Real Estate Experts in Florida Say Valuation of Mar-a-Lago Cited by Judge in Civil Case Is Based on a Misunderstanding of Basic Real Estate Practice

Apparent mistake by Judge Engoron surfaces in his use of a Palm Beach County appraisal of Mar-a-Lago that, an expert says, ‘is detached from the true value of the property.’

AP/Andrew Harnik
President Trump greets supporters after announcing he is running for president for the third time, at Mar-a-Lago, November 15, 2022. AP/Andrew Harnik

The ruling of a New York judge that President Trump defrauded banks and insurance companies by inflating the value of his real estate assets is based, in at least one prominent case, on Judge Arthur Engoron’s elementary misunderstanding of basic real estate law, according to industry insiders who have spoken with The New York Sun.

The director of the school of real estate at Florida International University, Eli Beracha, tells the Sun that the metric used by the judge is “not a good way to value the property” and is “not the right approach.” He adds that real estate professionals “don’t even look at county appraisal data,” which Judge Engoron relied on in rendering summary judgment. 

Mr. Beracha adds that “any real estate professional would say that market value and county appraisal are not the same thing,” and that it is “not the job of the county appraiser to assess value.” If it was, he explains, “we wouldn’t need Zillow.” County officials, like the ones in Palm Beach County that Judge Engoron cites, merely perform “drive-by appraisals” that are used to assess taxes, not total value. 

The president of the Palm Beach Board of Realtors, John Pickett III, tells the Sun that in pricing a property he “very rarely looks at the county appraisal,” and that the county’s estimate is “rarely a component factor” in how much he reckons a property is worth. He adds that the county appraisal can be “outdated or skewed,” or otherwise remote from the “pulse of the market.”   

One real estate attorney, Rachamim Cohen, tells the Sun: “I would not use, nor have I seen a bank use the County market valuation in obtaining a mortgage.” Mr. Beracha, the professor, agrees, explaining that “the appraisal value is detached from the true value of the property.”

The Sun has reported on widespread incredulity that Mar-a-Lago could be valued — as Judge Engoron suggests — at between $18 million and $27.6 million. One broker called it a “ridiculous” appraisal. The unnerving possibility that the jurist’s process could have been flawed underscores how the victory he handed New York could have short-circuited the clarification and corrections a trial on the valuations would have allowed.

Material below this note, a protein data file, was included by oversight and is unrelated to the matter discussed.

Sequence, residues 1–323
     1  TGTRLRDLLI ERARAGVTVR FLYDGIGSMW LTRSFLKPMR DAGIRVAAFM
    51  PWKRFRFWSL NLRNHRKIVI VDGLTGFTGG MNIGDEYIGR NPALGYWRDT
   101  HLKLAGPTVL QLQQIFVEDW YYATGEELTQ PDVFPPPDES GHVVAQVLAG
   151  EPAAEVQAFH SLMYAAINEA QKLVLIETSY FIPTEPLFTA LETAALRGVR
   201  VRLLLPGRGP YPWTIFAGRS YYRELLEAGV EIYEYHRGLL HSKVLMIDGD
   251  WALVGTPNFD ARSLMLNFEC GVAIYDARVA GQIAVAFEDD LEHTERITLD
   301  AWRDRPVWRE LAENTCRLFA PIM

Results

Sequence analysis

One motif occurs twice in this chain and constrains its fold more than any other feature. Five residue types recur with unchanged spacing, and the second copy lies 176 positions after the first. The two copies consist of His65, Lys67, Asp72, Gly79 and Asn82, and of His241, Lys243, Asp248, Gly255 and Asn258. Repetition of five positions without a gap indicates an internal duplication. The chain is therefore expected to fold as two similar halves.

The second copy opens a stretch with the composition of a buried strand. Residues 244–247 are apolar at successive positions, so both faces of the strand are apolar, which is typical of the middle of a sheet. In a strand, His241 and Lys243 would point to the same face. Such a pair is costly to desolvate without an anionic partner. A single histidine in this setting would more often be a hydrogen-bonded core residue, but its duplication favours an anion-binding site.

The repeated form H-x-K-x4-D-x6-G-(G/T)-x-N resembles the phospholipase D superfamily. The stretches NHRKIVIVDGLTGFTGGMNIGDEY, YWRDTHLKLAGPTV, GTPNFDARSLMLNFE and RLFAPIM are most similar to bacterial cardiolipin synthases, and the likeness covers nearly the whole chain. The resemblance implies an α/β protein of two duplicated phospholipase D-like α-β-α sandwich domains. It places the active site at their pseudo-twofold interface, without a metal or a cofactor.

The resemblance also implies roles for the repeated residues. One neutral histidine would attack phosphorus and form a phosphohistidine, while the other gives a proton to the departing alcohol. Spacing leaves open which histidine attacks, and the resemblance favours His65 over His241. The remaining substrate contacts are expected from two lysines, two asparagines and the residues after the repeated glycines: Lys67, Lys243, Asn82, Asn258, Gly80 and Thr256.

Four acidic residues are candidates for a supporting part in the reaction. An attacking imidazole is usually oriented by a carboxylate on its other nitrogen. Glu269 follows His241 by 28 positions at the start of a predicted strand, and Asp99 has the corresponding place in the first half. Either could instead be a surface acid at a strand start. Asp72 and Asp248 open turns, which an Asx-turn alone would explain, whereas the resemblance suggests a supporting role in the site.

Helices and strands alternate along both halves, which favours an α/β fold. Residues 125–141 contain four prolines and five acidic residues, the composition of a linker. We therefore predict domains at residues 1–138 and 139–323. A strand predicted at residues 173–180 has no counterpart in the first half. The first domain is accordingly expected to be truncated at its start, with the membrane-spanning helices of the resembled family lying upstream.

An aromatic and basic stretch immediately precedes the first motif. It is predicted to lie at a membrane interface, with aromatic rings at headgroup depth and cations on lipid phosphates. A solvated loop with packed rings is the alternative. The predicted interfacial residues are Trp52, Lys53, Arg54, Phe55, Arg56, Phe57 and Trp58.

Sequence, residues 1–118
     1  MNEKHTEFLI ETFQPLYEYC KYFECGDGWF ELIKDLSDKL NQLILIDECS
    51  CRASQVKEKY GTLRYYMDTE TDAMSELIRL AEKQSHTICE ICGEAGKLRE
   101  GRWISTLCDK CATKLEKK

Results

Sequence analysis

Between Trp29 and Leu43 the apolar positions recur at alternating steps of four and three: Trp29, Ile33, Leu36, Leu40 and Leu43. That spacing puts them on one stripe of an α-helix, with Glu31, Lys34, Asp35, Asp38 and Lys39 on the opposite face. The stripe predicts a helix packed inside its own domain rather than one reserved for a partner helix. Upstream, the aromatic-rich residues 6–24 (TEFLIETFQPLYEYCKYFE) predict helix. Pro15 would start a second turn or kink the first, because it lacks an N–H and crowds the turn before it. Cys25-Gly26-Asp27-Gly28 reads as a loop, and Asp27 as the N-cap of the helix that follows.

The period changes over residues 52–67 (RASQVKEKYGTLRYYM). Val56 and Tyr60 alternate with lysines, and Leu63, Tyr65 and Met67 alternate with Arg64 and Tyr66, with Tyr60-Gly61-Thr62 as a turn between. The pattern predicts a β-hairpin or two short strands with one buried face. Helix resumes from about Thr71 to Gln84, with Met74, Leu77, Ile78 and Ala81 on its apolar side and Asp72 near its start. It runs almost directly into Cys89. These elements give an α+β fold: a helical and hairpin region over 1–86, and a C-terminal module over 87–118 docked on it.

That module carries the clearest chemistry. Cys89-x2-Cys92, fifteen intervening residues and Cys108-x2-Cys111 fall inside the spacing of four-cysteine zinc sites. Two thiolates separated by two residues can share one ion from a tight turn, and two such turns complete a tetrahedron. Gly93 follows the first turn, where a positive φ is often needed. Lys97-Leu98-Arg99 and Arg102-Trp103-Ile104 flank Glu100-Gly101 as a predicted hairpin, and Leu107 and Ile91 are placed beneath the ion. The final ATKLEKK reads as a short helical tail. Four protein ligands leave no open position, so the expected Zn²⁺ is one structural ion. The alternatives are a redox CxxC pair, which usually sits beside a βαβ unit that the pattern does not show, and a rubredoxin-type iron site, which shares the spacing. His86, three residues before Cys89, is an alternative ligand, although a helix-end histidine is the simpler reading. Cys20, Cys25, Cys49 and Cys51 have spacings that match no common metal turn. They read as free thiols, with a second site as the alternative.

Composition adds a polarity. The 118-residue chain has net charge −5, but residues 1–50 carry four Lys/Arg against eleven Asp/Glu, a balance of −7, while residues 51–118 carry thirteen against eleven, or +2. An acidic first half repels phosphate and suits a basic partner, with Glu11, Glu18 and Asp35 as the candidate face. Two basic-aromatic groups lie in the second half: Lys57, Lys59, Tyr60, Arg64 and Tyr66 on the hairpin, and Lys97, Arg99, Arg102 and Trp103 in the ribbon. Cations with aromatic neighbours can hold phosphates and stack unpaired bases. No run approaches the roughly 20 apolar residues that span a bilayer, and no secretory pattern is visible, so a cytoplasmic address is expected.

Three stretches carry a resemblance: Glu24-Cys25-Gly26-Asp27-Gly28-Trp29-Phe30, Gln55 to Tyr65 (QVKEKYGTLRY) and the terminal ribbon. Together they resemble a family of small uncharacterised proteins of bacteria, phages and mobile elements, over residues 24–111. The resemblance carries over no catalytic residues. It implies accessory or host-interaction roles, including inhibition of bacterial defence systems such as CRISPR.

The possible error that they are pointing to suggests not just that the valuation Judge Engoron assigned to Mar-a-Lago is wrong, but that he used the wrong metric altogether, one that no real estate maven in the know would use to assess a property’s market value. It suggests that the whole basis of the trial that is beginning today — and is expected to last until nearly the end of the year — is based on a faulty judgment.

At issue is whether Mar-a-Lago’s worth as discovered by the Palm Beach County assessor is an indicator of market value, as Judge Engoron asserted when he found Mr. Trump liable for fraud. The former president asserted that the property is worth between $426,529,614 million and $612,110,496 million.

The public information officer at the Palm Beach County Property Appraiser’s Office, Becky Robinson, told the Sun that her unit possesses a “specific scope of responsibility when it comes to valuation of property for the purposes of taxation,” not the market value.

When it comes to assessing the market value, Ms. Robinson told the Sun, “I do not believe that our office would be the best to answer these questions,” suggesting that the estimation of a property’s value is outside of her office’s purview. Yet the benchmark used by Judge Engoron was precisely that prepared by Palm Beach County’s “Tax Assessor,” and the relevant document is labeled “Real Property Tax Assessor Record.” 

When the Sun relayed to Ms. Robinson the numbers cited by Judge Engoron, Ms. Robinson replied by email: The numbers “are our office’s determination of value for taxation purposes as of Jan. 1, 2022.” It appears likely that its utility as a benchmark for fraud would have been disputed at trial, and might yet be disputed on appeal.

Judge Engoron, as the Sun has previously reported, found that restrictions on the deed marking Mar-a-Lago as a social club depreciated its value and that Mr. Trump, fraudulently, did not relay that restriction to bankers and lenders.

One real estate broker, Lee Allen Schultz, though, told the Sun with respect to Mar-a-Lago that, “Just the land value alone, I think we get close to the $500 million, with just that alone, without even the property and how iconic it is — iconic before Trump even took it over.” 

Another broker working the Palm Beach market told the Sun that his own canvassing of the South Florida real estate consensus yielded a market value for Mar-a-Lago of between “$300 million to $600 million.”

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This story has been expanded from the bulldog.


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